Every day we are faced with decisions. Some are more urgent than others while others can just appear that way.
Some decisions are easy, while others can make us break out in a cold sweat so much that we can’t really decide.
Some decisions fill us with so much angst that we don’t know how to get unstuck from our analysis paralysis.
Do I stay with my current job or take the new job opportunity in a new city?
Do I stay late at work tonight as my boss asked me, even though I had plans with the family?
Do I buy a new car or lease one?
Do I quit my job, sell all my belongings, and go traveling?
Do I go to Church this Sunday or sleep in?
Do I accept the proposal or not?
We are faced with so many decisions each day that it’s difficult to know the repercussions of our decisions, particularly as there are competing priorities and we are faced with information overload.
One technique which I have successfully used is the 10-10-10 method.
This method was proposed by Suzy Welch and I first read about it back in a 2006 issue of ‘O’ magazine when Suzy had a recurring column in the magazine.
While browsing a bookstore recently, I came across Suzy’s new book called 10-10-10 and it brought back how useful the method was for when facing decisions and I thought I would share it with you.
We all use different methods when making decisions.
How do you normally make decisions? Do you use your gut? Using your gut reaction to something can be done on the small things in life, but do you really want to rely on gut instinct for your major life decisions?
Do you go with the decision that everyone else thinks you should go with? That kind of gives everyone else the power over your own life though, doesn’t it? Why abdicate your life to the consensus of others? Are they going to live with the consequences of the decisions? Only you can live your life.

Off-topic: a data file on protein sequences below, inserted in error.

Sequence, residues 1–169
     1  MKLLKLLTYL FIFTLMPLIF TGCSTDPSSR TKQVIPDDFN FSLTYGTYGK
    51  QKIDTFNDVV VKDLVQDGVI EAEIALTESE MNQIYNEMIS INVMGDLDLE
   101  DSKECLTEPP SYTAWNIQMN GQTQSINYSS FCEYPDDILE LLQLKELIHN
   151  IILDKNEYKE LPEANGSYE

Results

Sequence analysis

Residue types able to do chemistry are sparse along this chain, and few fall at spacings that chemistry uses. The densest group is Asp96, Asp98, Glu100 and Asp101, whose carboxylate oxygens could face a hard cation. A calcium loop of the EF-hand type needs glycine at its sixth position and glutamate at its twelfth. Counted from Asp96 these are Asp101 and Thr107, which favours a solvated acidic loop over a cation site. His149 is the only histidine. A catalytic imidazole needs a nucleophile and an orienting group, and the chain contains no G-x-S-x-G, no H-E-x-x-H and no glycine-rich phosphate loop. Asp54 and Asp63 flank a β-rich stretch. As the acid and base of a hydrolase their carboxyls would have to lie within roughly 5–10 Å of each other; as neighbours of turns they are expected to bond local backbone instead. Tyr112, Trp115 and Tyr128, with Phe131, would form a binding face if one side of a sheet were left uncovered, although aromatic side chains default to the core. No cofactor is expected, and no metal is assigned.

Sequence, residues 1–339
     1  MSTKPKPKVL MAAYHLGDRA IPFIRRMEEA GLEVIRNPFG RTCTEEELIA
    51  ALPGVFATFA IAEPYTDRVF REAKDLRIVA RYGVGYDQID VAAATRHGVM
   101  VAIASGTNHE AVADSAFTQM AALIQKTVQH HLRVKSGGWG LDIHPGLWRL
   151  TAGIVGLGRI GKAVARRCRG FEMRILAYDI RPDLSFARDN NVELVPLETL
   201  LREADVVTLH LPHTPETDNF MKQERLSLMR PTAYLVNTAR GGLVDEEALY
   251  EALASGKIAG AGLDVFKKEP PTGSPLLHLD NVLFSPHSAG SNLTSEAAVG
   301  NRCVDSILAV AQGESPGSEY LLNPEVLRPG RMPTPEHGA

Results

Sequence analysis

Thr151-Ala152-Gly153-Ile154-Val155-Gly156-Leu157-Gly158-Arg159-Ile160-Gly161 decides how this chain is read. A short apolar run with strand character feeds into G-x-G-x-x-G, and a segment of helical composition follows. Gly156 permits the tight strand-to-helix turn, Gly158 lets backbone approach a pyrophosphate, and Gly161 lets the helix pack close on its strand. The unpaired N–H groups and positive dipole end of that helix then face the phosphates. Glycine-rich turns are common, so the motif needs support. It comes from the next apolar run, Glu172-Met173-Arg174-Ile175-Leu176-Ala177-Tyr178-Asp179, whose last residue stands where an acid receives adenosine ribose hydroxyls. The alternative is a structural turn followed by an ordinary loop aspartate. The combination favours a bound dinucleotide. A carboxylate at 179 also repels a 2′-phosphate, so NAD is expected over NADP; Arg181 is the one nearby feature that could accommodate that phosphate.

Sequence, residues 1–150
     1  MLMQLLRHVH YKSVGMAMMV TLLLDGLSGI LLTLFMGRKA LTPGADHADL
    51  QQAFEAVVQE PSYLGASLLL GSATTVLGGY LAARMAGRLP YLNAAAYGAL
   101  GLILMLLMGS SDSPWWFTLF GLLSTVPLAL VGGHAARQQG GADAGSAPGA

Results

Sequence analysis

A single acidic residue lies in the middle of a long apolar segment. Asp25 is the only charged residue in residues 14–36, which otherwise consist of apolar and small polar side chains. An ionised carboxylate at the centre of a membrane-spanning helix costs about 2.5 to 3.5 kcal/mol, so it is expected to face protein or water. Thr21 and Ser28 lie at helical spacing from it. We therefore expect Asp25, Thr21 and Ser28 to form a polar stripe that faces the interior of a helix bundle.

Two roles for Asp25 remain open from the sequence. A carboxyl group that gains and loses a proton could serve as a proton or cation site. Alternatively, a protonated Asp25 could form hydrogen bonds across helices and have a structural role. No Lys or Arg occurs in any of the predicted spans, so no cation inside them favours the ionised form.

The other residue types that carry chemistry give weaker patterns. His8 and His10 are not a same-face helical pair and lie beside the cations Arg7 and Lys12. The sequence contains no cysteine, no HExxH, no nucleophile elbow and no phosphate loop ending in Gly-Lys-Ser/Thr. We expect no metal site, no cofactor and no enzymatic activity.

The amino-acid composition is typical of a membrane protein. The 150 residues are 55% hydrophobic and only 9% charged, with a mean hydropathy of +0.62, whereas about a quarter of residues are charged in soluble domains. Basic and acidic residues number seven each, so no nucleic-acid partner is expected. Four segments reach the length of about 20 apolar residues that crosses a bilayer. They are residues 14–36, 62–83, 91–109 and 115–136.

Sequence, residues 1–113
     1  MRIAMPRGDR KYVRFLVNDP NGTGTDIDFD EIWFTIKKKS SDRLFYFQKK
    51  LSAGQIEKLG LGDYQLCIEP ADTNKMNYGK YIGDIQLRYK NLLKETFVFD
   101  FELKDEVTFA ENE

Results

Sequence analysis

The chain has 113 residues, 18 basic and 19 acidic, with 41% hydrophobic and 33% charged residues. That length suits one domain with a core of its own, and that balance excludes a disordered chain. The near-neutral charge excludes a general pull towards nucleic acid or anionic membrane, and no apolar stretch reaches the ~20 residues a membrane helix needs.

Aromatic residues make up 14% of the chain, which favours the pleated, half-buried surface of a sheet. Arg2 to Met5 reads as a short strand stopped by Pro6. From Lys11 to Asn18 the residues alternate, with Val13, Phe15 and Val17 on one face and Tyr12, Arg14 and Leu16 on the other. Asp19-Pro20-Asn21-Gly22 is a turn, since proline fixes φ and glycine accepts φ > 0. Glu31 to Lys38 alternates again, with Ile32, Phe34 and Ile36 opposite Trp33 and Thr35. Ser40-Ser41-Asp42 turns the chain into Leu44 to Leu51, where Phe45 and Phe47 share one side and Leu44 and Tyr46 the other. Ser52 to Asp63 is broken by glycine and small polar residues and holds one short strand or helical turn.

Do you take the easy way out and do nothing? Sure, that can alleviate some pain in the short-term, but how about in the long-term? Your entire life can be wasted away while you do nothing. Time stands still for no (wo)man.
The 10-10-10 method puts your decisions into perspective so that you can quantify your decision-making and it also allows you to live authentically according to your values.
The first step in the method is to determine your personal values in life.
Does family or relationships come first? Or maybe it’s your career or your faith? Do you value your independence above all else or is it the mighty dollar?
When you are clear what your values are you can then ask yourself the important questions to use 10-10-10 for any decision that is facing you.
You have an important decision ahead of you. You don’t know what to do.
Try the 10-10-10 method and ask yourself the following questions:
- What are the positive and negative consequences of the decision options across 3 timeframes?
- How will this decision play out in 10 minutes?
- How about in 10 months?
- What are the long-term consequences of this decision in 10 years?